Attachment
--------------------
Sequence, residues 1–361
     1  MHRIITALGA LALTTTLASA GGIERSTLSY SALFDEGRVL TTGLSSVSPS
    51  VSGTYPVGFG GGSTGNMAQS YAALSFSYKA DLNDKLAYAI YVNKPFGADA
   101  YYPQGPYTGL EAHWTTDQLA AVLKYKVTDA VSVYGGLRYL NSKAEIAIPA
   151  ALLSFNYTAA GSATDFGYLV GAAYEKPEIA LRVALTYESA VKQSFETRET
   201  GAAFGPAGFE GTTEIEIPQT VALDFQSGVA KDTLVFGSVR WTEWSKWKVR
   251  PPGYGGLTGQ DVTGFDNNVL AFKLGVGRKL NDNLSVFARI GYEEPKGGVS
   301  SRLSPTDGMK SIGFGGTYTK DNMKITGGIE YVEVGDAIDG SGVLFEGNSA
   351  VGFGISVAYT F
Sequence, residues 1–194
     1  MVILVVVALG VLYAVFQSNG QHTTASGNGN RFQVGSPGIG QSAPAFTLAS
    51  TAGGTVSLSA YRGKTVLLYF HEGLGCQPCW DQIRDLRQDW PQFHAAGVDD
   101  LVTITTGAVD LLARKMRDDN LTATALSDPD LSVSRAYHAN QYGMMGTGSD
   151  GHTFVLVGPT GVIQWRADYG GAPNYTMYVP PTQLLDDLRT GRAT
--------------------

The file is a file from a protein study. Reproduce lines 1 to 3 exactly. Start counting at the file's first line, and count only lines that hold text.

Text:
Sequence, residues 1–361
     1  MHRIITALGA LALTTTLASA GGIERSTLSY SALFDEGRVL TTGLSSVSPS
    51  VSGTYPVGFG GGSTGNMAQS YAALSFSYKA DLNDKLAYAI YVNKPFGADA